Financially strapped homeowners who sold their home this year in a short sale or received a loan modification that include a principal reduction appear likely to benefit from the same tax break that helped similarly distressed consumers in the past six years.
The U.S. Senate late Tuesday passed on a 76-16 vote a package of temporary tax breaks that includes an extension of the Mortgage Debt Forgiveness Act, but only until Dec. 31, enabling taxpayers to claim them on their 2014 returns.
The $42 billion tax extenders bill, which contains a wide range of tax breaks, was passed earlier this month by the U.S. House and now will head to President Obama, who is expected to sign it.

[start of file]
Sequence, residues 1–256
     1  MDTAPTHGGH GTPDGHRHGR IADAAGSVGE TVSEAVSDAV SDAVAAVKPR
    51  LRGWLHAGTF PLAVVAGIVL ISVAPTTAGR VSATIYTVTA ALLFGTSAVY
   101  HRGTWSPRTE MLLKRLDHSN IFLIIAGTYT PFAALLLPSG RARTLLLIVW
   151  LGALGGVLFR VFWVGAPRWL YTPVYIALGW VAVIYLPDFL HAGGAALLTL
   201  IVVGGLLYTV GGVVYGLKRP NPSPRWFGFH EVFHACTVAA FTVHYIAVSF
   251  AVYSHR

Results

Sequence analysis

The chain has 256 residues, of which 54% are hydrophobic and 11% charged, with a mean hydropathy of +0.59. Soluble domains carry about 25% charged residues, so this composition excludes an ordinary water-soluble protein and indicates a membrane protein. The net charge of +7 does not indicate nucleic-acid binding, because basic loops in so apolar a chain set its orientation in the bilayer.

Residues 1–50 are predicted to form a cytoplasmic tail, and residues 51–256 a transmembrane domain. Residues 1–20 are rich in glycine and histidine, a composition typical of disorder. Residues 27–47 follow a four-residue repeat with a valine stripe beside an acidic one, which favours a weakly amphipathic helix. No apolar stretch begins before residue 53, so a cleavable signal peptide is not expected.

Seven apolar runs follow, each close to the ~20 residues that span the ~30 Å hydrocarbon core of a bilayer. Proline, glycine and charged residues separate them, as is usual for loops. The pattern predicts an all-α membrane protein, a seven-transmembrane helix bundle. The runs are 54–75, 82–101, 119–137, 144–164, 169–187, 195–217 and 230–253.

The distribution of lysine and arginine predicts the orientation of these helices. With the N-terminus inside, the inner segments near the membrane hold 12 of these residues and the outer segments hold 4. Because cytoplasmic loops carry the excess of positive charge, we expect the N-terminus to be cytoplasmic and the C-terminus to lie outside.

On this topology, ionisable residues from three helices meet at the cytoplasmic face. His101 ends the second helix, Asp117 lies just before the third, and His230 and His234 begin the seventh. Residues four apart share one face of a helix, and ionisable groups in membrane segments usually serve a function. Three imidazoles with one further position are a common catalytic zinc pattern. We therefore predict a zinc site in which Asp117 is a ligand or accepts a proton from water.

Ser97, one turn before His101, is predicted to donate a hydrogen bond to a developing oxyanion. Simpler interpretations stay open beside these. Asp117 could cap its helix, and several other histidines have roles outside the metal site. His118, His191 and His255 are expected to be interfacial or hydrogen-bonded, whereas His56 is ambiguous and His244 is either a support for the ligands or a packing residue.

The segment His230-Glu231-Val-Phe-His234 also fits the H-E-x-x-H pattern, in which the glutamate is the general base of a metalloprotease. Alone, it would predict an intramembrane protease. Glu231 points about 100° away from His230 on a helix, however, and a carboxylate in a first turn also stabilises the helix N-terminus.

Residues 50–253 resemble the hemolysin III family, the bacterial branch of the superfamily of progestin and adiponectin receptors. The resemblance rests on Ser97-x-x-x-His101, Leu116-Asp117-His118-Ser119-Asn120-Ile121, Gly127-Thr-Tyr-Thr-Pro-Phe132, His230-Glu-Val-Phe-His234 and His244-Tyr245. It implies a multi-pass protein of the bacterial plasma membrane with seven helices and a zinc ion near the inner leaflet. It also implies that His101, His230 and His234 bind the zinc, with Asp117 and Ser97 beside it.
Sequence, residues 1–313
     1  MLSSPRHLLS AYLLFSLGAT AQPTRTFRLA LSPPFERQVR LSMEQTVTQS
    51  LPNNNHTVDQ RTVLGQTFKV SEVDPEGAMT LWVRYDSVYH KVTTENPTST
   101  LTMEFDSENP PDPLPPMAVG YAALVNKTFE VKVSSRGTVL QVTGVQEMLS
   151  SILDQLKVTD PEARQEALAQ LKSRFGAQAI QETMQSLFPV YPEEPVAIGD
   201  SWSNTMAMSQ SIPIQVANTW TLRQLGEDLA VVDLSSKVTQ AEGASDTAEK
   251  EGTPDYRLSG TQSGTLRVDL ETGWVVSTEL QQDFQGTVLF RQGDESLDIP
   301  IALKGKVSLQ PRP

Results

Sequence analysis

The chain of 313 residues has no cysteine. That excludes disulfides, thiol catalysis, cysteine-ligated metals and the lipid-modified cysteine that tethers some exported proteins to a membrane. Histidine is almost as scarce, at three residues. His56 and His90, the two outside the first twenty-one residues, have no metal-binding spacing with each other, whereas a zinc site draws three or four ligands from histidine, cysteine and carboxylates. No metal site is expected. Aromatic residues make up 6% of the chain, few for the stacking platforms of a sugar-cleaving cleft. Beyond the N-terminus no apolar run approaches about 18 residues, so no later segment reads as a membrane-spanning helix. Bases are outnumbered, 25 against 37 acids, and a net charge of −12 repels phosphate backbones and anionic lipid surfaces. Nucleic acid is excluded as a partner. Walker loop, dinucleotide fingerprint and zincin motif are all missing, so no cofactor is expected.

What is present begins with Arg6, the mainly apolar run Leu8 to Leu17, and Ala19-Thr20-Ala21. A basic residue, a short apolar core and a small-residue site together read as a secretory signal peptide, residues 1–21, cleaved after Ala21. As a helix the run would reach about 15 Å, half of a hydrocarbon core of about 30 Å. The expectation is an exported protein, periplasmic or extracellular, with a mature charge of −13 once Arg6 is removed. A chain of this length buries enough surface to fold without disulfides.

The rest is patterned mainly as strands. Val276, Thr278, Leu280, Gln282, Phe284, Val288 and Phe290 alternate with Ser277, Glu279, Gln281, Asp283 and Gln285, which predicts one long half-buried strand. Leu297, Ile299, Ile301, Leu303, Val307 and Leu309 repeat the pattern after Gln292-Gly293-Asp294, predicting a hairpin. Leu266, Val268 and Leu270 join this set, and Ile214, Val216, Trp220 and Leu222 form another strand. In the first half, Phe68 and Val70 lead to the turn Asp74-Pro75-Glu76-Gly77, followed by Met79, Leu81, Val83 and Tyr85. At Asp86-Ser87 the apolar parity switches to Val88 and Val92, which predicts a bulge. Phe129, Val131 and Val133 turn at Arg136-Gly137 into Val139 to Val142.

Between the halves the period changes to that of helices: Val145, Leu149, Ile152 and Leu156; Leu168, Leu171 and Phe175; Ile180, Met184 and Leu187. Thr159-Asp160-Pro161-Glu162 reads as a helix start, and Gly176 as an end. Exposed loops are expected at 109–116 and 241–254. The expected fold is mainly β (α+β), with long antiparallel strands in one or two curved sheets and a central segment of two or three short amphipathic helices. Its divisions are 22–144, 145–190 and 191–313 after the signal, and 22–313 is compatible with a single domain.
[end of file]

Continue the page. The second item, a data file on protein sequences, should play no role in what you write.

Originally passed in 2007, the mortgage debt tax break was designed to assist homeowners who either sold their home for less than they owed or who negotiated a principal writedown of their mortgage. Under normal circumstances, the amount forgiven would be considered income and could have significantly boosted taxes owed by consumers already having trouble paying their bills.
The last extension of the tax break expired Dec. 31, 2013. The housing industry has been lobbying all year for another extension.
If signed by Obama, it would benefit anyone who had mortgage debt forgiven this year.
The tax break expires at the end of December.
Unless Congress takes the measure up again next year, anyone who sells a home in a short sale on or after Jan. 1, 2015, would be expected to report the forgiven debt as income.
© 2014 the Chicago Tribune, Mary Ellen Podmolik. Distributed by Tribune Content Agency, LLC